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Acceptance and Commitment Therapy

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Maria Larrimore

on 3 October 2013

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Transcript of Acceptance and Commitment Therapy

Acceptance and Commitment Therapy
Carin and Maria

What is Acceptance and Commitment Therapy?
Empirically based intervention that uses acceptance and mindfulness, together with commitment and behavior change to create psychological flexibility
Explores how language functions to inhibit individuals' psychological functioning
The goal is to increase psychological flexibility, be more present with the current moment, and work to change behaviors (Luoma, Hayes, Walser, 2007)
Change occurs by "changing the relationship to these processes of thinking, remembering, feeling, sensing, and doing - not a change in content" (Hayes, 2009).
How was this technique developed?
-"Third Generation" CBT approach

-Draws from a modern behavioral psychology and a Relation Frame Theory framework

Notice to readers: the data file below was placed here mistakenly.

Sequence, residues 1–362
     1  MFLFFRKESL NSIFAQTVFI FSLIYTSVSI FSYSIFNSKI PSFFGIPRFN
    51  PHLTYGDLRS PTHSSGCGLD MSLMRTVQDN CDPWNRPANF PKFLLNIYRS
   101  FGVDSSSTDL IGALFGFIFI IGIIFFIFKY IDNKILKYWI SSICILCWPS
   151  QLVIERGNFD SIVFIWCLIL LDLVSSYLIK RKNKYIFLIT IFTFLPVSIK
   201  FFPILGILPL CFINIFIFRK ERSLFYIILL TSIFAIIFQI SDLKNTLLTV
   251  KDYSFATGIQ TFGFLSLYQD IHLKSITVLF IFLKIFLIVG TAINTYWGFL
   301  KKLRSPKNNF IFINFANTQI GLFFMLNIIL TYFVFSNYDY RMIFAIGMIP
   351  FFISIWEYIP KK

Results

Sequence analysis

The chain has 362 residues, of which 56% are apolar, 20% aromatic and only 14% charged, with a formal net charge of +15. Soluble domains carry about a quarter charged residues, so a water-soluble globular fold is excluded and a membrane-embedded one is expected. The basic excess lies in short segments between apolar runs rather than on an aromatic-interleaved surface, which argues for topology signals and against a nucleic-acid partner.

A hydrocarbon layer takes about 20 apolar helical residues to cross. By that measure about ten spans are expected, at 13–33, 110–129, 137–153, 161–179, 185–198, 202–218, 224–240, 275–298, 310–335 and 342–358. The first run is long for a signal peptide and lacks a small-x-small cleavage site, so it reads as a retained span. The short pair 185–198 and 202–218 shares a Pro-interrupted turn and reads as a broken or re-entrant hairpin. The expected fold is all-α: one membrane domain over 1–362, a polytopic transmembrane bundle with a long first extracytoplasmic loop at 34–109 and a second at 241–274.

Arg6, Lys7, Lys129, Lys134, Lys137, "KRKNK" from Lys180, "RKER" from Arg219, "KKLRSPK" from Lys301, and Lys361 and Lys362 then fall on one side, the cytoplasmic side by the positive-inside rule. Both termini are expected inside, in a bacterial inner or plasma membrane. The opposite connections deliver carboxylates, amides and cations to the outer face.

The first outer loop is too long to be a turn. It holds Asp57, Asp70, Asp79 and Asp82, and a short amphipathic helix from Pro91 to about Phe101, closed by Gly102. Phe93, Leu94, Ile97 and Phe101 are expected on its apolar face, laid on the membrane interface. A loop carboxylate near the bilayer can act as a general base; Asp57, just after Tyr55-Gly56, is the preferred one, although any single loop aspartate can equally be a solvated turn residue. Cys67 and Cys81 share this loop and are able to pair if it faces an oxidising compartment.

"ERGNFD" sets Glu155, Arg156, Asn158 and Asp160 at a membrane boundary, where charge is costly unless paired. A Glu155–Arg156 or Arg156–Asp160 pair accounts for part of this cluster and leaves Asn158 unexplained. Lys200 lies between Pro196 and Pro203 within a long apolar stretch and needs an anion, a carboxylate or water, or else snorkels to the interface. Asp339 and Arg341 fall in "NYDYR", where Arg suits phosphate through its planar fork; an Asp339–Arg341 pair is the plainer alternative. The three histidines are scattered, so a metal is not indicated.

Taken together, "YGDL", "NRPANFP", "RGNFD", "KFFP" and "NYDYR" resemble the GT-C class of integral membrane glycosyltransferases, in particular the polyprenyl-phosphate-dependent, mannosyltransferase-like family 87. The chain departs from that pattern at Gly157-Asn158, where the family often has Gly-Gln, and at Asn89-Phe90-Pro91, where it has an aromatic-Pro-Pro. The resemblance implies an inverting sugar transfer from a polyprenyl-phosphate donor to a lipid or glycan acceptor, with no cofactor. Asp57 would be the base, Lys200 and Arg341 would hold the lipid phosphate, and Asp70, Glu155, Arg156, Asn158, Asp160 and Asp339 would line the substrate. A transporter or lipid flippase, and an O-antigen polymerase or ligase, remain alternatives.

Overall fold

-Does not adhere to the idea of needing to 'rid' oneself of negative feelings or distorted thoughts

-Works broadly, but it should be linked to the particular behavior modification that is sought.

ACT: Who is it good for?
(absolutely everything!)
-Anxiety Disorders (Arch, Eifert, Davies, Vilardaga, Rose & Craske 2012)
-Chronic Pain (Wetherell, Afari, Rutledge, Sorrell, Stoddard, Petkus...Atkinson, 2011)
-Depression (Forman, Herbert, Moitra, Yeomans & Geller, 2007)
-OCD (Twohig, Hayes, Plumb, Pruitt, Collins, Hazlett-Stevens, Woidneck, 2010).
-Psychosis (Bach, Hayes, & Gallop, 2012).
Main Techniques
Luoma, Hayes &Walser, 2007
Psychological Rigidity
Dominance of Conceptualized Past/ Future
Lack of Values Clarity/Contact
Attachment to Conceptualized Self
Cognitive Fusion
Experiential Avoidance
Psychological Flexibility
Being Present
Defining Valued Directions
Cognitive Defusion
Self as Context
Committed Action
Inaction/ Impulsivity/ Avoidant Persistence
Accepting Emotions
Neutral Labeling
Cognitive Restructuring and Cognitive Diffusion
sing the thought
dancing letters
the family lawyer
Values and Direction
Committed Action
No Certification exists - Stephen Hayes, PhD, suggests that to learn ACT one must work through the conceptual ideas deeply, and that one's clients are the best teachers.
Full transcript